Bicycle aftermarket component manufacturer, Hope Technology Ltd, employs around 130 people and exports half of its rapidly expanding production to more than 40 countries. The successful British manufacturer’s business, which was founded in 1989, was based on a quest to make mountain biking safer by developing an alternative to cantilever brakes.
Founders Ian Weatherill and the late Simon Sharp, ex Rolls-Royce aero engineers and toolmakers, developed a disc brake along the lines of those used on motorcycles. Today, the top quality brakes are manufactured in their tens of thousands annually, along with sprockets, chainrings and virtually every other component that goes onto a mountain bike, as a visit to Hope Technology will attest.
To meet demand, the Barnoldswick factory in Lancashire operates around the clock. Even so, by mid-2015 one of the 70 CNC machine tools on the shop floor, a BySprint CO2 laser cutting machine from Bystronic UK, was struggling to keep up. Hope Technology’s works and production manager, Lindley Pate, knew that fibre laser cutting was a maturing technology and decided that the time was right to make the change. A 4 kW BySprint Fiber 3015 machine was duly installed.
He explained, “We use relatively thin materials, such as 2 mm stainless steel for brake discs and up to 6 mm aluminium for some sprockets. For thinner gauges, compared with an equivalent CO2 source, the fibre laser produces components three times faster. It has made a fantastic difference in helping us to meet the sheer volume of orders.”
The machine is equally capable of handling much thicker material. Hope often processes 12 mm thick aluminium tooling plate to produce fixtures for other machines on the shop floor.
A further advantage of fibre laser cutting, according to Mr Pate, is the high quality of cut using exclusively nitrogen as the cutting gas. He said, “The as-machined edges on stainless steel appear polished, so brake discs for example need no edge finishing. They go straight to on-site heat treatment.
“This is in contrast to production on the previous CO2 machine, which left a residue even when nitrogen was used. Oxygen as the cutting gas is not used at all here to avoid the problems associated with oxidation of the cut metal edges.”
He added that other factors in favour of fibre laser cutting over CO2 are more consistent accuracy, less machine maintenance and more economical running costs, both in terms of the amount of electricity used and the lower requirement for cutting gases. There is now no need to use helium gas at all, which runs all the time on a CO2 laser machine, resulting in a further significant saving.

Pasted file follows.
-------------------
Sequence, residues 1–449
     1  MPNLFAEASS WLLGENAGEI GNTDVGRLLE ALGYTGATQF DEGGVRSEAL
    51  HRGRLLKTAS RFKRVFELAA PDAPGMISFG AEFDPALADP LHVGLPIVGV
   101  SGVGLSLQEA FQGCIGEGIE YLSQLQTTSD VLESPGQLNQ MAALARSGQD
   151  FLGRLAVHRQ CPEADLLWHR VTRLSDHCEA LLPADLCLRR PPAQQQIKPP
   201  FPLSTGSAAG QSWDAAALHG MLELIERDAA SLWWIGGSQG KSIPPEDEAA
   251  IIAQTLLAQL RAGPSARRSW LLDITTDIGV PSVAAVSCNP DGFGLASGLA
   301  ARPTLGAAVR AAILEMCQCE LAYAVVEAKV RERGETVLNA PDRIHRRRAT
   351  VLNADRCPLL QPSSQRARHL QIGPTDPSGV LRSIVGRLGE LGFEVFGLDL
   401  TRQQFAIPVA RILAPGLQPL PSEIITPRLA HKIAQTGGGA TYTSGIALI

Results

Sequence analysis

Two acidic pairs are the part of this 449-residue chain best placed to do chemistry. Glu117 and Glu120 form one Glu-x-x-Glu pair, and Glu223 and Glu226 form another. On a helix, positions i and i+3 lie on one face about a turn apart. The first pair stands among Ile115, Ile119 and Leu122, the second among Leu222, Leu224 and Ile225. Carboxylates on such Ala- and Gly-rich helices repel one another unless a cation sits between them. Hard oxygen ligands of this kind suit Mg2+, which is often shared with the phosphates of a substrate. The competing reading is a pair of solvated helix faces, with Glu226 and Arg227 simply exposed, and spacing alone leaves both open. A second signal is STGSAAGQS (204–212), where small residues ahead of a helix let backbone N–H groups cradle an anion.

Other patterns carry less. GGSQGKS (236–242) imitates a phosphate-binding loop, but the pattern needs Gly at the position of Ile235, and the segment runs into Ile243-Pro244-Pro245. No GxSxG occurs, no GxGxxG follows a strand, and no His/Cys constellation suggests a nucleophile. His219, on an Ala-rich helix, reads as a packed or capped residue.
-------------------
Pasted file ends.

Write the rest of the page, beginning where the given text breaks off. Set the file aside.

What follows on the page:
The cycle components cut on the BySprint Fiber are mainly brake disc blanks from 410 stainless steel sheet in the soft condition. The discs are either one-piece varieties or two-piece assemblies requiring an outer band of the same material and a floating centre of 2014 aluminium, which is also cut on the machine. Additionally, sprocket blanks from 7075 aluminium are produced, as well as bike maintenance tools, merchandise such as bottle openers and keyrings, and parts for display stands and trophies.
Maximum sheet dimensions that can be accommodated on the table of Hope’s fibre laser cutting machine is 3.0 m x 1.5 m, which is generally the size used when producing aluminium parts. In the case of the speciality stainless steel that the company buys, however, the mill supplies the sheet in a variety of strip sizes, typically 330 to 550 mm wide by 1,000 to 1,500 mm long, which are placed transversely across the machine’s shuttle table ready for processing.
The variation in stock was one reason for Hope deciding not to equip the laser cutter with an automated system for delivering fresh material to the machine and subsequently retrieving the laser-profiled sheets. Another reason, as Mr Pate pointed out, is that the Barnoldswick facility is a low to medium volume manufacturer of specialised components that need not only CNC machining but also a degree of hand crafting, so large volume manufacturing principles are not appropriate.
Based on design data from Hope’s SolidWorks CAD network, programming is carried out offline using a seat of Bystronic’s Bysoft 7 software, which according to Mr Pate is easy to use and has excellent nesting capabilities for maximising component output from a sheet.
Laser cutter programmer Mark Jolly likes the useful scrap cut-down feature in Bysoft that cuts big areas of waste material inside a component into several smaller pieces. It avoids the risk of a large piece of scrap distorting upwards, which could damage the laser nozzle travelling 1 mm above the sheet. He also appreciates the ease with which the engraving function can be called up at the control by backing off the power output from 4 kW to 600 W.
Mr Pate concluded, “We have always believed in making everything in-house from top quality materials, either solid billet or aluminium forgings. We not only machine everything ourselves on CNC equipment to control precision and quality but also heat treat, anodise, polish and assemble on-site.
“We are even branching out into in-house carbon fibre production, which will result in handlebars, seatposts and even a complete bike being available.
“The Bystronic fibre laser has become an essential tool at the start of the production routes for brake discs and sprockets. There has been minimal downtime since the machine was installed, which is essential as we only operate one laser, so it has to be reliable as otherwise production would stop.”